Ecology of Plants (2nd edition)

Jessica Gurevitch; Gordon A. Fox
Pub date
Mar 2006
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Brighter than ever, this text covers a range of topics with the focus on the interactions between plants and their environment over a range of scales. Throughout the book, human environmental influences are discussed as well as the importance of evolutionary and other historical processes for current ecology.


1 The Science of Plant Ecology
Part I. The Individual and Its Environment
2 Photosynthesis and the Light Environment
3 Water Relations and Energy Balance
4 Soils, Mineral Nutrition, and Belowground Interactions
Part II. Evolution and Population Biology
5 Processes of Evolution
6 Outcomes of Evolution
7 Population Structure, Growth, and Decline
8 Growth and Reproduction of Individuals
9 Plant Life Histories
Part III. From Populations to Communities
10 Competition
11 Herbivory and Plant-Pathogen Interactions
12 Community Properties
13 Disturbance and Succession
14 Local Abundance, Diversity, and Rarity
Part IV. From Ecosystems to Landscapes
15 Ecosystem Processes
16 Communities in Landscapes
17 Landscape Ecology
Part V. Global Patterns and Processes
18 Climate and Physiognomy
19 Biomes
20 Regional and Global Diversity
21 Paleoecology
22 Global Change: Humans and Plants

About the author:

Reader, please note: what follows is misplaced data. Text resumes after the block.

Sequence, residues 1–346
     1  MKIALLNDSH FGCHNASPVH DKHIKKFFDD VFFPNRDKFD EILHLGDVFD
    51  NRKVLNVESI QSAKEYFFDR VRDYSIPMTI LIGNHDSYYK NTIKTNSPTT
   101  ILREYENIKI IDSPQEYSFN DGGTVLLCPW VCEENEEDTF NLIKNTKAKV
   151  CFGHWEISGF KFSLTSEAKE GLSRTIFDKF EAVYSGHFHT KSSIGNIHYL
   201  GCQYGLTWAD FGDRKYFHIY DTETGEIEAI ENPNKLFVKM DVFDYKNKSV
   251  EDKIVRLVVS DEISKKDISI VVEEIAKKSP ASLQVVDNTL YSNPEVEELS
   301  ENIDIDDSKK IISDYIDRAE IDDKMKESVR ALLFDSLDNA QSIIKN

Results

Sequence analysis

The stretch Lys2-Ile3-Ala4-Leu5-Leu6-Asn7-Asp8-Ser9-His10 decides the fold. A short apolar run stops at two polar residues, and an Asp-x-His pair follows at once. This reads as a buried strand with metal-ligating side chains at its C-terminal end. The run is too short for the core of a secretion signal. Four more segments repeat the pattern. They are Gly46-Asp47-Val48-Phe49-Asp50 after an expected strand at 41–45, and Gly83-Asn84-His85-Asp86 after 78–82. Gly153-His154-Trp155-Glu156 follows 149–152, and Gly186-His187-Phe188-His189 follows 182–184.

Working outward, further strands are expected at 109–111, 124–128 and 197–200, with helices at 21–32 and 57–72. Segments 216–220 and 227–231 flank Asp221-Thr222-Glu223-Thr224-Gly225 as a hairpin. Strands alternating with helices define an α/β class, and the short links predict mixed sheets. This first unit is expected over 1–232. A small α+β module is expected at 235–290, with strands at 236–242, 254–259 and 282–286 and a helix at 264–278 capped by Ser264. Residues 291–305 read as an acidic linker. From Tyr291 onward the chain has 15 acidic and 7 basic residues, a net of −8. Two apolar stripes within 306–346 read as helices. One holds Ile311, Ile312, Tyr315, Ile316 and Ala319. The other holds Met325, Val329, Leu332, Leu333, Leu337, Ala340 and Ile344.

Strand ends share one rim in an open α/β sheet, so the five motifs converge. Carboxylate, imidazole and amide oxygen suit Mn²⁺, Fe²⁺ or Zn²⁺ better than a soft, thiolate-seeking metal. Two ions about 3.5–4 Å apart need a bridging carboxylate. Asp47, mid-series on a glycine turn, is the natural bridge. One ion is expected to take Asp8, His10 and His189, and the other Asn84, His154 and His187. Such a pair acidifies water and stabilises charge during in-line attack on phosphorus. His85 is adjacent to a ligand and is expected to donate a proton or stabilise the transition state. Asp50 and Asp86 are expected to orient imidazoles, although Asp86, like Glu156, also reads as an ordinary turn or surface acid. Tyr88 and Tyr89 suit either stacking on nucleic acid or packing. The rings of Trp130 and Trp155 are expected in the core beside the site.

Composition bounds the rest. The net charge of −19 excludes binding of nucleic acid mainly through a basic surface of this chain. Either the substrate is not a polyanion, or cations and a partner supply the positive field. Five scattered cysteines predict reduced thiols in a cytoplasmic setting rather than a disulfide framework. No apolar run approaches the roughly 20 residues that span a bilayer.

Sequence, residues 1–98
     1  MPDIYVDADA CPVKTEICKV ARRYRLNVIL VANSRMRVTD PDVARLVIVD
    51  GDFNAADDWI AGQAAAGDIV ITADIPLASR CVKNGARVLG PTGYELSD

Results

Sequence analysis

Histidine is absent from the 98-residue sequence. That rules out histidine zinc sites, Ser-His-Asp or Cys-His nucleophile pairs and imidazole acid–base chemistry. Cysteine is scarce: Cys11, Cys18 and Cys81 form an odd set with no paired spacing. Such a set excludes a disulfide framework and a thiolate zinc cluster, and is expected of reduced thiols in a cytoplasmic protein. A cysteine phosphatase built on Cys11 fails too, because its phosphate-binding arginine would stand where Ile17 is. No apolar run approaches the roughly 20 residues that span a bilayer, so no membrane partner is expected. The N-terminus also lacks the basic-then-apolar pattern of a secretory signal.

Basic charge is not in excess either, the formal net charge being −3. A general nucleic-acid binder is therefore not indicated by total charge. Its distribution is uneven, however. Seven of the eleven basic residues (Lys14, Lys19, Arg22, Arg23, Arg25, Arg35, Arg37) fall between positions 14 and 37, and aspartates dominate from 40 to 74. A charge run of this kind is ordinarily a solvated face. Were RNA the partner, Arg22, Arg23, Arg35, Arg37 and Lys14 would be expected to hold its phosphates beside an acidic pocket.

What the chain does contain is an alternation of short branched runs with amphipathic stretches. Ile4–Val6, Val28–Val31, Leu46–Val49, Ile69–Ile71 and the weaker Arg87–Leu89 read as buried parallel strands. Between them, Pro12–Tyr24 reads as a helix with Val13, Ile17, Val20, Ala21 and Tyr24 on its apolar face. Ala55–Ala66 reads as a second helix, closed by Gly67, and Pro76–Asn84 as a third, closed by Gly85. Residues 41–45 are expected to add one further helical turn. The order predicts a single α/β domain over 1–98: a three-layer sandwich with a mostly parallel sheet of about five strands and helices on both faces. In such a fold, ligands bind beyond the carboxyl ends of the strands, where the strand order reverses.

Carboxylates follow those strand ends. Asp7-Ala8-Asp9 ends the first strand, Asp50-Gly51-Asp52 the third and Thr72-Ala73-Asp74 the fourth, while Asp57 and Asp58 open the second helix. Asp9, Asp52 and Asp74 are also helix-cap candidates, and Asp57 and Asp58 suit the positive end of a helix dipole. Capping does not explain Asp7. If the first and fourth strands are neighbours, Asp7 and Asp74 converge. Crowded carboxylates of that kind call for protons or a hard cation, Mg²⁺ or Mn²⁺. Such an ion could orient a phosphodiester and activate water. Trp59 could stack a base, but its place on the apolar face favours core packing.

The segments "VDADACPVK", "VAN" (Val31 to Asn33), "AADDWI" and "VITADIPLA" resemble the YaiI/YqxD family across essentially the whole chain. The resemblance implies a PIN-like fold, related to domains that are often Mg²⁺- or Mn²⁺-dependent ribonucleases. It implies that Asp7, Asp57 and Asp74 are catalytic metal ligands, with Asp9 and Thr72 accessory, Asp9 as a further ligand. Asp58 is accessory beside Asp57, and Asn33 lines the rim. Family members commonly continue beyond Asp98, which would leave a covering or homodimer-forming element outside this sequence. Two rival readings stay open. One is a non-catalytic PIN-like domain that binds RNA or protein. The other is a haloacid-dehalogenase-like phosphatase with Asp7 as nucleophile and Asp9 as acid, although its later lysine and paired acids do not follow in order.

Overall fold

Jessica Gurevitch is Professor in the Department of Ecology and Evolution at the State University of New York at Stony Brook. She earned a B.S. in Biological Sciences (Ecology, Evolution, and Systematics) at Cornell University, and a Ph.D. in Ecology and Evolutionary Biology at the University of Arizona. Research projects currently underway include empirical, experimental and modeling approaches to studying pine demography, and experimental studies of plant invasions in forests.; Samuel M. Scheiner is currently working for the U.S. federal government. Previously he was on the faculties of Arizona State University, Northern Illinois University, and the University of Arizona. He earned his B.A., M.S., and Ph.D., all in Biology, from the University of Chicago. Dr. Scheiner's research has been involved equally with plants and animals, the theoretical and the empirical, including population genetics, physiological ecology, population biology, and macroecology. Currently, his research centers on three issues: phenotypic plasticity, measuring natural selection, and both theoretical and empirical work on large-scale patterns of species diversity.; Gordon A. Fox is Associate Professor of Biology at the University of South Florida. He earned a B.A. in History at the University of California, Berkeley and a Ph.D. in Ecology and Evolutionary Biology at the University of Arizona, where he researched the ecology, genetics, and evolution of annual plants in the Sonoran and Chihuahuan Deserts. His postdoctoral work at the University of California, Davis concentrated on theoretical population genetics. His current research interests include: population dynamics of plants in a stochastic world; the ecology of populations in fire-prone regions; the ecology and evolution of reproductive timing in plants; and applications of population ecology to conservation of endangered plants.

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